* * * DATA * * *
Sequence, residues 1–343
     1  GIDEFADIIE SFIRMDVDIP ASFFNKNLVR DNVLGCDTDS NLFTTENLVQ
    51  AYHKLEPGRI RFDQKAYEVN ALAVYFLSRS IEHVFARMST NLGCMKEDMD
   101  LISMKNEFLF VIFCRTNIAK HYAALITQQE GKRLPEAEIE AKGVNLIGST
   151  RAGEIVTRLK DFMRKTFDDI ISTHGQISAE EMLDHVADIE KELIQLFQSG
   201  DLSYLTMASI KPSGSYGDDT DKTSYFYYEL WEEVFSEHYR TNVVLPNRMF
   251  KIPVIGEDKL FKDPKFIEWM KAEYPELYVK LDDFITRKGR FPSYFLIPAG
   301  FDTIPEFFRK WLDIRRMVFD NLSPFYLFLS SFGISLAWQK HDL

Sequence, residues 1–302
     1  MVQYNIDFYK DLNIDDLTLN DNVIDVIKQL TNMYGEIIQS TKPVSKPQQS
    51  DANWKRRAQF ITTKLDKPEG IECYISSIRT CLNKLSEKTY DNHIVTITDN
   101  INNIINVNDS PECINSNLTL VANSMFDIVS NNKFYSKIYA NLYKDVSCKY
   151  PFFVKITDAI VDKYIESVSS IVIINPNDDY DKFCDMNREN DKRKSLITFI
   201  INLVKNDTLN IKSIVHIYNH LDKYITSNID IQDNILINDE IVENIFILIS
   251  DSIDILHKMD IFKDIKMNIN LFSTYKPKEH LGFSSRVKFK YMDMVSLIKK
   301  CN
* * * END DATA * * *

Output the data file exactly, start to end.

Sequence, residues 1–343
     1  GIDEFADIIE SFIRMDVDIP ASFFNKNLVR DNVLGCDTDS NLFTTENLVQ
    51  AYHKLEPGRI RFDQKAYEVN ALAVYFLSRS IEHVFARMST NLGCMKEDMD
   101  LISMKNEFLF VIFCRTNIAK HYAALITQQE GKRLPEAEIE AKGVNLIGST
   151  RAGEIVTRLK DFMRKTFDDI ISTHGQISAE EMLDHVADIE KELIQLFQSG
   201  DLSYLTMASI KPSGSYGDDT DKTSYFYYEL WEEVFSEHYR TNVVLPNRMF
   251  KIPVIGEDKL FKDPKFIEWM KAEYPELYVK LDDFITRKGR FPSYFLIPAG
   301  FDTIPEFFRK WLDIRRMVFD NLSPFYLFLS SFGISLAWQK HDL

Sequence, residues 1–302
     1  MVQYNIDFYK DLNIDDLTLN DNVIDVIKQL TNMYGEIIQS TKPVSKPQQS
    51  DANWKRRAQF ITTKLDKPEG IECYISSIRT CLNKLSEKTY DNHIVTITDN
   101  INNIINVNDS PECINSNLTL VANSMFDIVS NNKFYSKIYA NLYKDVSCKY
   151  PFFVKITDAI VDKYIESVSS IVIINPNDDY DKFCDMNREN DKRKSLITFI
   201  INLVKNDTLN IKSIVHIYNH LDKYITSNID IQDNILINDE IVENIFILIS
   251  DSIDILHKMD IFKDIKMNIN LFSTYKPKEH LGFSSRVKFK YMDMVSLIKK
   301  CN